Valerie Boyles EDPS 6431 1 December 2012 Cognitive Load Theory John Sweller developed Cognitive Load Theory

while studying problem solving. He believed humans use a means-end strategy and he knew from the works of G.A. Miller that our minds have a limited working memory capacity. Sweller’s CLT was developed after the evidence Sweller recognized from several effects. One is known as the goal-free effect. CLT encourages the use of open-ended problem solving. This means-end approach allows the learner to encounter information in a personal way and truly own the information. As a teacher, I use this approach in assessments because I feel I get a better response from my students. I am truly able to see what they have learned because they aren’t limited to guidelines during problem solving. The worked-example effect also contributed to the development of cognitive load theory. Worked examples are effective because learners who are new to concept are given a step-by-step demonstration. Worked examples are expert mental models which are used to teach complex problem-solving skills. When learners are provided content through the use of a worked example, working memory is saved. Workedexamples may not be effective for all learners, however. When learners have a large amount of prior knowledge, a worked example may be redundant. For learners who are novice to a concept, worked examples are a highly effective tool. Sweller also recognized the split-attention effect and the redundancy effect. He knew that using multiple sources took much working memory from learners. He learned that by integrating sources as thoroughly as possible, learners were able to save working memory and thus focus better. The redundancy effect taught him that unnecessary materials also take up working memory and limits the learner’s ability to acquire new knowledge.

By recognizing the evidence of these effects and others, Sweller arrived at his theory of cognitive load. Using what learned of working memory, his theory intends to assist instructional designers in presenting information in a way, which optimizes intellectual performance.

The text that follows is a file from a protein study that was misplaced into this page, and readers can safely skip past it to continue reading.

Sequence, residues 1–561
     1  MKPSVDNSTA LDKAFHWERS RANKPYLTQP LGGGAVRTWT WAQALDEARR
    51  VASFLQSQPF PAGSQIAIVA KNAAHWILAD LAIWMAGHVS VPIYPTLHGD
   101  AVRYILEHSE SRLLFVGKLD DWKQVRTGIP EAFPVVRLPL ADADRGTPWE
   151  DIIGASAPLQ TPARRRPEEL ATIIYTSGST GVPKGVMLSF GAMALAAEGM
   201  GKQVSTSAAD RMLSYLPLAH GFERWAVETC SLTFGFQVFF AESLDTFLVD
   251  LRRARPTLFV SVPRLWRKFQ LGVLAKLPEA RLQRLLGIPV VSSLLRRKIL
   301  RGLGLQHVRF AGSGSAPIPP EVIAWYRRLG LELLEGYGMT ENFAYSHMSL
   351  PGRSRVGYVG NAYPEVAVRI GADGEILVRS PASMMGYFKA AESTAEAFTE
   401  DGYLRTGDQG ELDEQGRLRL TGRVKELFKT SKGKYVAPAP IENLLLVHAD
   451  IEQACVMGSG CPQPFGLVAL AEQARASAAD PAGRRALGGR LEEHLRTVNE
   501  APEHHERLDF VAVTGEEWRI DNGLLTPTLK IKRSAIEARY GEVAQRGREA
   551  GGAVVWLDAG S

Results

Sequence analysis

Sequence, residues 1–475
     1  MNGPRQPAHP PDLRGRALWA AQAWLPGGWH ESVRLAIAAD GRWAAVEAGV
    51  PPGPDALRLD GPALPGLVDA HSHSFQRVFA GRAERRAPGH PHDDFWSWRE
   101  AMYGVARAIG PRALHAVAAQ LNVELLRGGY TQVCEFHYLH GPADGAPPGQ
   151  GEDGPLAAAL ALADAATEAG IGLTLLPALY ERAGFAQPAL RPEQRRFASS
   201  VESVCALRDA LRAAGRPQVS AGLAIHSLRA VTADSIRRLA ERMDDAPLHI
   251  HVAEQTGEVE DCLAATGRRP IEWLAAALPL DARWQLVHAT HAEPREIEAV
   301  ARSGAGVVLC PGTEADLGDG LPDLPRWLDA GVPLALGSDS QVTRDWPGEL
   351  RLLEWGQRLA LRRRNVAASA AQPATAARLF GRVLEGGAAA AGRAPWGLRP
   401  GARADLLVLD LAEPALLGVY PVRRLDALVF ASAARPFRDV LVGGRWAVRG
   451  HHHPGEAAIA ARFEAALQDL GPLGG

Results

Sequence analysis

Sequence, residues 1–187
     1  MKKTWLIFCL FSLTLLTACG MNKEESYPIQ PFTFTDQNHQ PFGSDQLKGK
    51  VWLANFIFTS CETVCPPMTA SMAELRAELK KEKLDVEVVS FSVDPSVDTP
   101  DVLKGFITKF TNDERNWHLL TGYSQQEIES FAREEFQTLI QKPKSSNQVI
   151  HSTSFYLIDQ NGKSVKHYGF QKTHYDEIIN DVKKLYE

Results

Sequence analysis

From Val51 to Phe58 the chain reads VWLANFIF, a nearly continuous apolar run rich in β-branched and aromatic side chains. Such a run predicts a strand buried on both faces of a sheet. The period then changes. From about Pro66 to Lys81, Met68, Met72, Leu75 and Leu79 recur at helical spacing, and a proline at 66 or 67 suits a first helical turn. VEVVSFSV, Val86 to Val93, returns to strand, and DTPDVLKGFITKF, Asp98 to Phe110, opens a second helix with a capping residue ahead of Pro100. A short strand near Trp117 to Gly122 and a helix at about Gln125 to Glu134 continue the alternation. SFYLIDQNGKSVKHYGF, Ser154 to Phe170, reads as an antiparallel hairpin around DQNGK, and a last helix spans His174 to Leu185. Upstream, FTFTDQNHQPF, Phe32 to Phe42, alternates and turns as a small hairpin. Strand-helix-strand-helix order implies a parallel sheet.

Total Cognitive Load

germane load • aids in committing information to long-term memory • construction and connection of schemas

intrinsic load • inherenct difficulty • cannot be altered)

extraneous load • materials and media used • designer controlled

The cognitive load theory recognizes three types of cognitive load. The first type of cognitive load is intrinsic. Intrinsic load is known as the inherent difficulty associated with instructional materials, such as the difficulty of solving 3 + 2 versus solving a derivative in calculus. Because of the nature of intrinsic load, the instructor is unable to alter it. Rather, instructors must compensate this difficulty through the use of schemas. The instructor has the challenge of breaking schemas into subschemas and bringing everything back together for the learner. When the concept is inherently difficult, there is little working memory left to devote to creating schemas that aid in committing information to long-term memory. The second type of load is extraneous load. Unlike intrinsic load, extraneous load is under the control of the instructional designer. Extraneous load includes the

materials, techniques, and medium used to teach a concept. Because the designer has control over extraneous load, it is suggested that designers limit extraneous load when intrinsic load is very high. If a concept is inherently difficult, designers should use materials that are very explicit and simple to allow learners’ working memory to take as much in as possible. In addition, any unnecessary information should be avoided because it takes up working memory. A teacher never wants a student to be distracted from the true objective of a lesson. Details that are not completely relevant and meaningful make it difficult for learners to make connections between their prior knowledge and the concept being taught. Along with intrinsic load and extraneous load is germane load. Germane load deals with redirecting extraneous load and using it to offset intrinsic load. It involves processing and the construction and automation of schemas. The goal of instructional designers should be to increase germane load to the point that there is little room for extraneous load. I think the cognitive load theory is one of the most basic instructional design theories I have studied. It makes sense to present information in a way that limits difficulty of a concept and truly allows the learner to devote their working memory to the acquiring of the concept. Sweller also devotes much of his theory to the development of schemas, which enables learners to move information from working memory to long-term memory.